Wim Wenders fans can screen their own retrospectives of the West German director's career thanks to Pacific Arts Video, whose Wim Wenders Film Festival hits the rental market today. While Wenders' best known films, "Paris, Texas" and "The American Friend," are already on tape, the eight movies in the current release offer a valuable look at his work from the past 15 years, including "The State of Things," the 1982 Venice Film Festival top prize-winner, 1975's "Wrong Move," which offers a 16-year-old Nastassja Kinski in her first movie role, and "Lightning Over Water," a documentary record of "Rebel Without a Cause" director Nicholas Ray's last days.
While video always offers viewers the opportunity to assemble home fests of their favorite auteurs' films, it is usually on a do-it-yourself basis. Despite the increasing celebrity of a growing number of directors, the video companies rarely promote a director's body of work as such -- in large part because directors these days work at so many studios that their movies aren't in the hands of a single video label. Rights to the Wenders library went all at once only because his American theatrical distributor, Gray City, was holding on to them while Wenders decided whether he wanted to release them on video at all; it took PAV founder Michael Nesmith more than a year to persuade him to do so, according to PAV President Robert Fead. One notable exception, a collection of 11 Alfred Hitchcock films that MCA promoted together last year, came about only because MCA-owned Universal negotiated video rights when it engineered the 1983 theatrical rerelease of five previously unavailable Paramount and Warner Hitchcock classics -- thus enhancing the market appeal of the less popular films he did at Universal at the end of his career.
Even when the rights are all in one place, however, video companies usually decide that the video market doesn't follow directors closely enough to support such promotions. Hitchcock's popularity with the masses is unique, according to Ned Nalle, the VP who struck the deal for MCA, which is just now releasing some vintage films from such directors as Preston Sturges and Josef von Sternberg and the Gene Shalit's Critics Choice line of sale-priced classics trading on the popularity of "curator" Shalit. Says Nalle, "I don't know if the video audience knows the name Von Sternberg."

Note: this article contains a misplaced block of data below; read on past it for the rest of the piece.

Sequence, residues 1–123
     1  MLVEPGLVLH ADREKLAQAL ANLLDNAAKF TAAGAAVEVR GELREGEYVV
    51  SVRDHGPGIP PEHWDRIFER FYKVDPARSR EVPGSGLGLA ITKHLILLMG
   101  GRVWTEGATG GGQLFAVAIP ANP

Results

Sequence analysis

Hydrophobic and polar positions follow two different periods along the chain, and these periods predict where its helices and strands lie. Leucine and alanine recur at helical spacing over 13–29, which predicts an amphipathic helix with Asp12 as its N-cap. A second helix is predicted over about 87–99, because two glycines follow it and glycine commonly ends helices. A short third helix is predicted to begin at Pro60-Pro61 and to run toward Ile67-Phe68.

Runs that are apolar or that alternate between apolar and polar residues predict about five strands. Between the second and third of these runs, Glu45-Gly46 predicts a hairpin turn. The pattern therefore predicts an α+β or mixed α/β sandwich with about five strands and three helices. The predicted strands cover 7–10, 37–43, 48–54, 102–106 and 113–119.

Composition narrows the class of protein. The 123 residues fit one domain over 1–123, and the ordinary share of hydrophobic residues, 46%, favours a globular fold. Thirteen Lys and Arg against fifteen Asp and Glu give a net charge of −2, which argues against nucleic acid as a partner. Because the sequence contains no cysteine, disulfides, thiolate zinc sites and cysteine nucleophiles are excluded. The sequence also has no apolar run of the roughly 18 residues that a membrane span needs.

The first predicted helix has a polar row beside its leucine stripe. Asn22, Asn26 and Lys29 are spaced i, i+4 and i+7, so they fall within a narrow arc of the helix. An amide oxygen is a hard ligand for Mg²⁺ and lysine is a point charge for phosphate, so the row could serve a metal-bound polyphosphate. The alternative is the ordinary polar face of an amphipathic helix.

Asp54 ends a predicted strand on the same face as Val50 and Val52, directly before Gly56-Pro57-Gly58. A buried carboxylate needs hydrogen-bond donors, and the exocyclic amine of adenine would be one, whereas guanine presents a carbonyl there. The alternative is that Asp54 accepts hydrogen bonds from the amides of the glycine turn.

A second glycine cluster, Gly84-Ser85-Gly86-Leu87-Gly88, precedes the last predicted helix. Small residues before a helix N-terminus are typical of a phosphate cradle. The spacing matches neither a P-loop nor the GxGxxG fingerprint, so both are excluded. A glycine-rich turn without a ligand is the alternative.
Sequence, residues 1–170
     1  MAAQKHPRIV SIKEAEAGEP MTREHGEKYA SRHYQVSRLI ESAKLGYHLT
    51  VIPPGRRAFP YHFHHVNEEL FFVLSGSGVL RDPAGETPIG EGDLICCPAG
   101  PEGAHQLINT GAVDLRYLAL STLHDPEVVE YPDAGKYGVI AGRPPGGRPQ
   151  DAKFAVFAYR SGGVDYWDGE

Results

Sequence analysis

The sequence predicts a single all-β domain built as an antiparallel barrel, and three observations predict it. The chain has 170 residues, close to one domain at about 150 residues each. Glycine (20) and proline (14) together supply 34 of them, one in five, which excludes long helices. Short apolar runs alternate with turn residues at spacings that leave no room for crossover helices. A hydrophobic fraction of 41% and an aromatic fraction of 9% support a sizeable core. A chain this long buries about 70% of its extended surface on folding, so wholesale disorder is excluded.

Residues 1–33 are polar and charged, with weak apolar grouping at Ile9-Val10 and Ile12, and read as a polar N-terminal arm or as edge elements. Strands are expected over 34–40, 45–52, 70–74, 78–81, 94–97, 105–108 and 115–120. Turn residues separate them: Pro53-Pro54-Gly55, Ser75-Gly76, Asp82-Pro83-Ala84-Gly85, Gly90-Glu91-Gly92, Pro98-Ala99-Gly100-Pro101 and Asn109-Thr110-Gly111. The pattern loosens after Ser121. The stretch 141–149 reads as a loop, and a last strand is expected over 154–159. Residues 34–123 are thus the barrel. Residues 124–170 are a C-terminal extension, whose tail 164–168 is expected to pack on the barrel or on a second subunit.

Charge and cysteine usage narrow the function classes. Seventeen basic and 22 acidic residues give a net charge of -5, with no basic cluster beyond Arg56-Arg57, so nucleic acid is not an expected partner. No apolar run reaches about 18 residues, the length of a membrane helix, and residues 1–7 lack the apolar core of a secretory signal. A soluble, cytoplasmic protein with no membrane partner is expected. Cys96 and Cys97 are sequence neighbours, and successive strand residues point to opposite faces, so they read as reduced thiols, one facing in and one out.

Nor does it embrace much of anything foreign beyond " 'Crocodile' Dundee," worries Fead, who fears that the Wenders collection will get lost in the new-release shuffle, and may be hard to find. "The video rental market is not receptive to foreign films," says Fead. "Video retailers in general don't know how to market or merchandise anything other than major film titles, because I think there is a preconceived notion that films of this type are of very limited appeal." The six films in the collection filmed in German will be presented on video with English subtitles, the film buff's preference over dubbing, according to Fead.
Stars for Sale While most MBA-types in the video business don't consider directors bankable on tapes, the performers in front of the camera do enjoy that status, and a number of video suppliers have started marketing collections of sale-priced films from their catalogues on the basis of their star appeal. The first to do so, Key Video, has cut the price on its "Spotlight On" series by one-third, making its 61 films available at $19.98. Among the luminaries on whom the spotlight shines are Bette Davis, Humphrey Bogart, James Cagney, Gary Cooper, Errol Flynn, Woody Allen, Sidney Poitier and Marlon Brando.
Even Movie Studios Do It What would Adolph Zukor say? Here in its 75th anniversary year, Paramount is going into the video business' equivalent of the world's oldest profession -- dirty movies. This month, Paramount Home Video will release the "Hollywood Erotic Film Festival," a 75-minute compilation of live action and animated erotic comedy shorts for viewers who are looking to punctuate their heavy breathing with the occasional chuckle. Unrated during its limited theatrical release earlier this year, the video carries an "adult oriented material" warning rather than an MPAA rating, and Paramount is seeking to place it in the tradition of the "art films" of the '60s rather than the current skin-flick grain -- the fact that many of the shorts were made in Europe is offered to dealers as its major selling point. While it's not triple-X, the release does mark the completion of a full circle in the industry: It was the success of pornography on tape that helped get the video business going, and demonstrated to the studios that there was a market for watching movies in the privacy of the home